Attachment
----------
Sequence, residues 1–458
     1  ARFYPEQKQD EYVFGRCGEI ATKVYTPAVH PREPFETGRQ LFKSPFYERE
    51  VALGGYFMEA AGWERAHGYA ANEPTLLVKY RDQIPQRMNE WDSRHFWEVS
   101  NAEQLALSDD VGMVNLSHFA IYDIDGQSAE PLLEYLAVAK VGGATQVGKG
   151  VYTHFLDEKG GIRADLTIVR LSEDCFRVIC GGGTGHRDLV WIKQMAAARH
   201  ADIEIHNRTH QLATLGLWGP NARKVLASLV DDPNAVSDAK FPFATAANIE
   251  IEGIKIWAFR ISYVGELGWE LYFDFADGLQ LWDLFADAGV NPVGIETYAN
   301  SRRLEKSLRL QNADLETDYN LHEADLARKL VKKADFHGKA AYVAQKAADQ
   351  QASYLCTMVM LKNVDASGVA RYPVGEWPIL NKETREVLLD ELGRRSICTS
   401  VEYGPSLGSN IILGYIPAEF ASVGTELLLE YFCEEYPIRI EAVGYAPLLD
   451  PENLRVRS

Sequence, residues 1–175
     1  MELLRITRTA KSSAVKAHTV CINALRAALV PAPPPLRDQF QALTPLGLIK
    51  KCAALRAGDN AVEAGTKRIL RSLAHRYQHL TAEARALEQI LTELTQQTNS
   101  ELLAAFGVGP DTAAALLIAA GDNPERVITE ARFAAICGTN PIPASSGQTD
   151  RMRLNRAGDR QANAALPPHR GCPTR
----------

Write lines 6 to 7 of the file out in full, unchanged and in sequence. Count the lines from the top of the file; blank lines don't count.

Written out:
   201  ADIEIHNRTH QLATLGLWGP NARKVLASLV DDPNAVSDAK FPFATAANIE
   251  IEGIKIWAFR ISYVGELGWE LYFDFADGLQ LWDLFADAGV NPVGIETYAN